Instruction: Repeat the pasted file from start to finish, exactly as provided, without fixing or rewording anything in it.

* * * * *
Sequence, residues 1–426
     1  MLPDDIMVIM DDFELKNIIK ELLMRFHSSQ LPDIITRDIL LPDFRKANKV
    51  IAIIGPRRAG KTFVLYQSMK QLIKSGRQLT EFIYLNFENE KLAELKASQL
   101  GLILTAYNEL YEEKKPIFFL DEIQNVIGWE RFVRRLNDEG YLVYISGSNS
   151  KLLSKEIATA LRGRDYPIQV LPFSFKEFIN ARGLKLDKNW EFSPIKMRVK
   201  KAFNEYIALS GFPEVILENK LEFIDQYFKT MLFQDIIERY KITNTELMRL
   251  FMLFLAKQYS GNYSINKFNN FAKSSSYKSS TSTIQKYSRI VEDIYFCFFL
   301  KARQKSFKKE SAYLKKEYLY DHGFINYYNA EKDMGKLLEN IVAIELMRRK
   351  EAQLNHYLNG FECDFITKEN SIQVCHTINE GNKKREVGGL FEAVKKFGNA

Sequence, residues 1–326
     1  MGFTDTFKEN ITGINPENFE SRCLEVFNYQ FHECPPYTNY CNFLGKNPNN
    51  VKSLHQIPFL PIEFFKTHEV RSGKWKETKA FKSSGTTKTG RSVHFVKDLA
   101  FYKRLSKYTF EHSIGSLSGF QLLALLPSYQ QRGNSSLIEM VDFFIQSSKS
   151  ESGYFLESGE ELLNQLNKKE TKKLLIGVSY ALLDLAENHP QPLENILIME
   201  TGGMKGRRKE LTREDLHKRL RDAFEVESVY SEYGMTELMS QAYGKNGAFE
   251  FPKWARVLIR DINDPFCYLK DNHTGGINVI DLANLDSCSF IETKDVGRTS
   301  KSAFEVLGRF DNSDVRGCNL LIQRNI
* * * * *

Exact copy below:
Sequence, residues 1–426
     1  MLPDDIMVIM DDFELKNIIK ELLMRFHSSQ LPDIITRDIL LPDFRKANKV
    51  IAIIGPRRAG KTFVLYQSMK QLIKSGRQLT EFIYLNFENE KLAELKASQL
   101  GLILTAYNEL YEEKKPIFFL DEIQNVIGWE RFVRRLNDEG YLVYISGSNS
   151  KLLSKEIATA LRGRDYPIQV LPFSFKEFIN ARGLKLDKNW EFSPIKMRVK
   201  KAFNEYIALS GFPEVILENK LEFIDQYFKT MLFQDIIERY KITNTELMRL
   251  FMLFLAKQYS GNYSINKFNN FAKSSSYKSS TSTIQKYSRI VEDIYFCFFL
   301  KARQKSFKKE SAYLKKEYLY DHGFINYYNA EKDMGKLLEN IVAIELMRRK
   351  EAQLNHYLNG FECDFITKEN SIQVCHTINE GNKKREVGGL FEAVKKFGNA

Sequence, residues 1–326
     1  MGFTDTFKEN ITGINPENFE SRCLEVFNYQ FHECPPYTNY CNFLGKNPNN
    51  VKSLHQIPFL PIEFFKTHEV RSGKWKETKA FKSSGTTKTG RSVHFVKDLA
   101  FYKRLSKYTF EHSIGSLSGF QLLALLPSYQ QRGNSSLIEM VDFFIQSSKS
   151  ESGYFLESGE ELLNQLNKKE TKKLLIGVSY ALLDLAENHP QPLENILIME
   201  TGGMKGRRKE LTREDLHKRL RDAFEVESVY SEYGMTELMS QAYGKNGAFE
   251  FPKWARVLIR DINDPFCYLK DNHTGGINVI DLANLDSCSF IETKDVGRTS
   301  KSAFEVLGRF DNSDVRGCNL LIQRNI